Wednesday, February 24, 2010

The Land Of Nod

The nod-under on the M & M Sub. The swinging gate
for the lower level is open.

In the Bible, the land of Nod is the place where Cain was exiled after murdering his brother Abel. In popular use, the Land of Nod is a place of sleep, as in to “nod off.” It’s also used as a way to describe agreement, as in nodding your head to say yes.

For the CP Rail M & M Sub., it refers to the way visitors nod their heads to get into the layout room.

My first layout, the CP Rail Grimm Valley Subdivision, was a traditional around the walls, or donut style, layout. Entry was gained to the donut “hole” by crawling about three feet underneath the benchwork.

Suffice to say, it was no fun, not to mention undignified, and I think I still have the scars on my back from coming up too early.

As a result, I was determined not to have any duckunders in my new layout. But a nod-under? That would be OK.

The lower level, with the swinging gate closed.

The upper level is about 62 inches high at the entrance to the layout room (157 centimetres for us Canadians). For all but the tallest adults, it means that people only need to nod their heads to enter the room.

That said, when visitors come over I put a paper sign on the nod-under that says "Duck!" It hangs an inch or two below the bottom of the upper level so that people can feel the paper if they don't nod far enough, or come up too early on the other side.

The lower level is about 43 inches high (109 centimetres); only a limbo dancer could get under that! For this reason, I built a swinging gate so people can get in and out of the room unimpeded.

Originally, it was just going to be a piece of 2 by 4 with track on it. But then a friend offered me a fabulous bridge, so I dropped the 2 by 4 about four inches and redesigned the gate to represent a river.

A simple bolt holds the gate in place, and joiners are slipped over the tracks to align them on the far (non-swinging) end.

On the swinging end, they simply line up with the track on the benchwork. Wires carry electricity to the tracks on the bridge.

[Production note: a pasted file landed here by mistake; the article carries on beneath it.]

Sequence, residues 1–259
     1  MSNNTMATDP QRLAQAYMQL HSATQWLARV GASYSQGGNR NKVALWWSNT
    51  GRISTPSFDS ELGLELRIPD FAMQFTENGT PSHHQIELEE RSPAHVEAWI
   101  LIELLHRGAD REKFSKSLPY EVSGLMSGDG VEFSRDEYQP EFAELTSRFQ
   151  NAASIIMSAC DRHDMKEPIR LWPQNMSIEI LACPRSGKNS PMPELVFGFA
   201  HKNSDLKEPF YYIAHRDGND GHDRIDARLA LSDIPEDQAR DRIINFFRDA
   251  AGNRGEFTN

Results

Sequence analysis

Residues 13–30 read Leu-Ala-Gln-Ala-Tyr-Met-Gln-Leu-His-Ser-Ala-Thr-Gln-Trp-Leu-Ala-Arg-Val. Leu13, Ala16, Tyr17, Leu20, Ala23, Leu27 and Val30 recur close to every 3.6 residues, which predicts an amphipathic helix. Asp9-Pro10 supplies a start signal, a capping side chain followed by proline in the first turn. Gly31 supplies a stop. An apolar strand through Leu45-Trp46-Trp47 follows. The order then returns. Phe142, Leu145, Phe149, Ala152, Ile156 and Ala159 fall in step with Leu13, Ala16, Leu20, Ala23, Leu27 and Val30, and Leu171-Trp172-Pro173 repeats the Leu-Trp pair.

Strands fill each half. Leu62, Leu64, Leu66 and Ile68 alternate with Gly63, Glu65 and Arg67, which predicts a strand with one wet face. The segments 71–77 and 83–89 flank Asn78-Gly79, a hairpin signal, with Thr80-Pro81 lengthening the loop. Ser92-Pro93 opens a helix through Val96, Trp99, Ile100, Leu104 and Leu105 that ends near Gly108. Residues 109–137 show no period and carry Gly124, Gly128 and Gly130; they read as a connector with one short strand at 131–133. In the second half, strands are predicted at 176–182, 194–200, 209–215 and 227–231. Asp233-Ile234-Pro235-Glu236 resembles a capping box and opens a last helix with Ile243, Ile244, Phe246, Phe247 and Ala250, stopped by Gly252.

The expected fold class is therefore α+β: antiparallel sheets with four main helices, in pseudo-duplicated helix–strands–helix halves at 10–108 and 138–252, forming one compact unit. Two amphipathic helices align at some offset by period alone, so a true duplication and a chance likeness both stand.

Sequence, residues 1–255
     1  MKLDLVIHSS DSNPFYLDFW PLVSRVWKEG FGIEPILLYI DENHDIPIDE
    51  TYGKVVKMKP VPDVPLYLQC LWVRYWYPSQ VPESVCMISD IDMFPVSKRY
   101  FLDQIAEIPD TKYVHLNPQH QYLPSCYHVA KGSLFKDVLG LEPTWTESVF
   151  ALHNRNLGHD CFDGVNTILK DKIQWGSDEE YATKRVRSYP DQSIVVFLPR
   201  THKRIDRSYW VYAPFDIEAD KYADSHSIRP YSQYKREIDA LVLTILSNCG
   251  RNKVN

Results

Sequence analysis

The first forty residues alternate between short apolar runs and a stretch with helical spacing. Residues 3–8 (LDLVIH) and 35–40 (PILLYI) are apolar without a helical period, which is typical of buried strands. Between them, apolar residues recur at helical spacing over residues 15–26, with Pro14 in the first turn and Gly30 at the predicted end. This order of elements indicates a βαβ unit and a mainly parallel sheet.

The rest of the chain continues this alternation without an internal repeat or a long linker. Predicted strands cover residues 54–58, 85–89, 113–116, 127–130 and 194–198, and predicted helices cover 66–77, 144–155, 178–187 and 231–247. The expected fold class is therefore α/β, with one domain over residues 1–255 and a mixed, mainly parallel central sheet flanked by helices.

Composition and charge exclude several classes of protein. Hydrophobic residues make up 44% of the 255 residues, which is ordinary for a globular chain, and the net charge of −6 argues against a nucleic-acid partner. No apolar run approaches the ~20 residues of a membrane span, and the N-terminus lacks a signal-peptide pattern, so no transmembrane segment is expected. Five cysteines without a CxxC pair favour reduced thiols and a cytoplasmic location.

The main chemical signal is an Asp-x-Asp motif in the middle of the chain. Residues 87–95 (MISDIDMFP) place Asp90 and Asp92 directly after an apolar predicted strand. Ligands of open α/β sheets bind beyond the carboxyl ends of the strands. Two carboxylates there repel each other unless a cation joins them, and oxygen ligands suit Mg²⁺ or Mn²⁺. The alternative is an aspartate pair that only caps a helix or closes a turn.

Why a swinging bridge and not a lift-out? The main challenge with a lift-out is that, after you lift it out, you have to put it someplace. The swinging bridge simply swings out of the way and stays there.

(A drop-down or lift-up bridge would do the same thing; in fact, I use a drop-down bridge across the door to the storage room.)

If you come to see the M & M Sub., it's OK with me if you nod-off. In fact, I prefer it to banging your noggin' on the upper level benchwork!


  1. Hi John,

    Nice post on the nod-under. I also had a former donut-shaped layout and one visitor, a senior but solid Presbyterian minister came for a visit, came up too early, and that whole part of the layout rose an inch or so off the floor! Fortunately, he was OK.

    My G-shaped switching layout is walk-in, but my recent change of locale from Winnipeg to Vancouver came with the addition of a continuous-run option, which uses a "drop in" section.

    Question: How do you coordinate visitors entering/leaving the room when the lower level is operating and the swinging gate is closed?


  2. Thanks for note, Eric.

    During operations, the gate can be closed since once we're all in, we're in. If someone needs to leave for any reason, he or she can simply open and close the gate.

    For open houses, when people are coming and going all the time, I leave the gate open and only run trains from the Fort Frances yard to the upper level staging yard. Since the run from that point to the upper level staging yard is about 8 minutes, there's still lots of time to watch a train in action.